Even though the pandemic was a key factor in undermining any progress made over years when it comes to eradicating hunger and malnutrition, political conflicts and climate change are highlighted by the report as other detrimental forces. WFP’s Executive Director echoed this when he mentioned that “The (report) highlights a devastating reality: the path to Zero Hunger is being stopped dead in its tracks by conflict, climate and COVID-19.” He further added “Children’s future potential is being destroyed by hunger. The world needs to act to save this lost generation before it’s too late.” It is worth to note the report takes a rather holistic approach when it comes to climate change, and does not limit its recommendations to scaling up climate resilience across food systems alonet. It also highlights the importance of, amongst others, intervening along the food supply chains to lower the cost of nutritious foods, and strengthening food environments and changing consumer behaviour to promote dietary patterns with positive impacts on human health and the environment.6

Accelerating real progress beyond the UN Food Systems Summit

Last month the United Nations hosted the first-ever Food Systems Summit, a collaboration between several UN agencies, philanthropic foundations and private-sector organisations with the mission to catalyse change in the way that food is produced and consumed around the world. Despite lingering criticism about the role of the private sector and the lack of involvement of indigenous communities, the Summit was relatively successful in securing several funding pledges to transform food systems. These included $10 billion over five years from the United States – half to be spent globally through USAID’s Feed the Future initiative, with a strong focus to reduce poverty and stunting by 20 percent in targeted countries. The Bill & Melinda Gates Foundation also announced $922 million to improve nutrition, and the Green Climate Fund (GCF), the world’s largest multilateral climate fund, said it aims to invest $2 billion a year between 2020 and 20237.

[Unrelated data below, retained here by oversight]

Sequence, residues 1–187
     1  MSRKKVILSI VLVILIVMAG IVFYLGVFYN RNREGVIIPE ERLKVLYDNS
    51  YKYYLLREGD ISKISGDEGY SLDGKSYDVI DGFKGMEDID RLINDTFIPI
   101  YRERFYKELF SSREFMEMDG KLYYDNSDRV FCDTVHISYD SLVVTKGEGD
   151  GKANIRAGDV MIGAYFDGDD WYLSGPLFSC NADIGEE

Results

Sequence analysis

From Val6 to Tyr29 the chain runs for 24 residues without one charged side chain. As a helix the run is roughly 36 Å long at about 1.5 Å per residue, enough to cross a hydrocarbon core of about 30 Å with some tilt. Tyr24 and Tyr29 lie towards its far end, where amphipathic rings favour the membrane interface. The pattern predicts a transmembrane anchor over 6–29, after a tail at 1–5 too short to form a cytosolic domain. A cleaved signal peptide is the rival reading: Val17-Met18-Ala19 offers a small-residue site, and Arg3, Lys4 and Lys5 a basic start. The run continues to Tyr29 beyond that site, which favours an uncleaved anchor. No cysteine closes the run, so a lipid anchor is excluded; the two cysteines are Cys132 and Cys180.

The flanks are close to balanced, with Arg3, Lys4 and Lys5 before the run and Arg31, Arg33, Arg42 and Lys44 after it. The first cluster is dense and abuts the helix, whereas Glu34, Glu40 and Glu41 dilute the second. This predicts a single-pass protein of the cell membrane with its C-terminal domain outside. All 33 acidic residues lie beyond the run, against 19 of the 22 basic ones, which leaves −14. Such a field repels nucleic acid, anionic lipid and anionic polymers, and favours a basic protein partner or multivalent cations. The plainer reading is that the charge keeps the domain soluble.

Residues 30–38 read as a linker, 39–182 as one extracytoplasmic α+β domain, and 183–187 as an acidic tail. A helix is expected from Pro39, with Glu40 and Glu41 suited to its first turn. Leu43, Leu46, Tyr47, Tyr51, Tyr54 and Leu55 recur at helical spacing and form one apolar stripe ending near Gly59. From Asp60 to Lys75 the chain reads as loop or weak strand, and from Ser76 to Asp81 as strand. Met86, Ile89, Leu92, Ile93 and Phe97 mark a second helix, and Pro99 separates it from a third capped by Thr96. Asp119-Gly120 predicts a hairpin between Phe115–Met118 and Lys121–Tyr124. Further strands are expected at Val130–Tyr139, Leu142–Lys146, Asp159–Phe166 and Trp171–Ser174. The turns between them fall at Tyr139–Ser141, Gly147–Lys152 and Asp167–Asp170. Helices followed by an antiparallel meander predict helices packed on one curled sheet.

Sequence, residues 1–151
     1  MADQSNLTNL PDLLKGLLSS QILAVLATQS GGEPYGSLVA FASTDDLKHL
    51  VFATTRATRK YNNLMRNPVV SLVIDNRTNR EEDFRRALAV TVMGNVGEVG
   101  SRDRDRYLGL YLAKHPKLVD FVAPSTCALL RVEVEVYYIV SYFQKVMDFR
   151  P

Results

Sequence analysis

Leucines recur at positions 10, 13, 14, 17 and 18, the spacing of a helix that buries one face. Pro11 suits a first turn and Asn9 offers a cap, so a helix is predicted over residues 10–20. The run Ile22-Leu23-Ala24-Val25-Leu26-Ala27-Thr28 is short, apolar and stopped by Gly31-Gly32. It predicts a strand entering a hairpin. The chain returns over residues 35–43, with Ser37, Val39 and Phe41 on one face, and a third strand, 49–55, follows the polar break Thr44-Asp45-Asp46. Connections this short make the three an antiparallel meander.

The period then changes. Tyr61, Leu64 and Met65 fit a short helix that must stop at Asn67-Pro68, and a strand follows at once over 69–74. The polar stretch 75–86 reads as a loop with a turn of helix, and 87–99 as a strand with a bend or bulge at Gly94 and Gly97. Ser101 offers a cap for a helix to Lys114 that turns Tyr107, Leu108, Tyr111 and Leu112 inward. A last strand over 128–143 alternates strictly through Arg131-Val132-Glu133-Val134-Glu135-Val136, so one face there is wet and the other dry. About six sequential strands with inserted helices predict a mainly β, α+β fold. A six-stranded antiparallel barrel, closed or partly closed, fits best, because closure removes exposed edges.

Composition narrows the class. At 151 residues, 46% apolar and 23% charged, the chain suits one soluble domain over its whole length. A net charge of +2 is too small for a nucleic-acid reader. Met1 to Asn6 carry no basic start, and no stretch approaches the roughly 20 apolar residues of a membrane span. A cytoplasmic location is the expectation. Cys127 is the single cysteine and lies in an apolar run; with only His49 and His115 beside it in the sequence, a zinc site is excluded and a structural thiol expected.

The two-day conference was concluded by heads of state giving statements outlining commitments to making their countries’ “food systems’’ more “inclusive, resilient and sustainable”. For many, climate change featured prominently on their agendas.8 However, unlike a Conference of the Parties (COP), no negotiations took place at the Food Systems Summit. Additionally, unlike at a COP, the outcomes of the Food Systems Summit are not legally binding. It is not clear what mechanisms for holding countries and other parties accountable to their commitments will be put in place.7

A growing push to highlight nutrition in the face of climate change

The Food Systems Summit has certainly generated momentum across the wider community. Over the past month, we identified stakeholders across IGO, NGO, government, academia and the private sector who highlighted hunger and malnutrition as pressing issues in global food systems in the age of climate change, and at the same time explicitly referenced COP26 as a potential platform to address this.

Will COP26 be able to consider a systems approach?

As a growing multi-stakeholder coalition is arguing, COP26 would be the ideal platform to address nutrition in light of climate change. Focusing on mitigation of agricultural emissions and climate adaptation of agricultural practices would fail to paint the complete picture in which global food systems should be seen: The scope of the SDGs (SDG2) and the latest finding of the SOFI Report are just a few examples that indicate progress can only be delivered when we consider a systems approach. Not only will the Conference be able to easily pick up momentum generated by the UN Food Systems Summit that was concluded last month, it will also be able to translate this initial momentum into concrete steps forward in eradicating hunger and malnutrition especially given its funding potential (a USD100 billion climate fund will be launched at COP269), and the nature of its forum being able to conclude binding agreements and commitments between governments.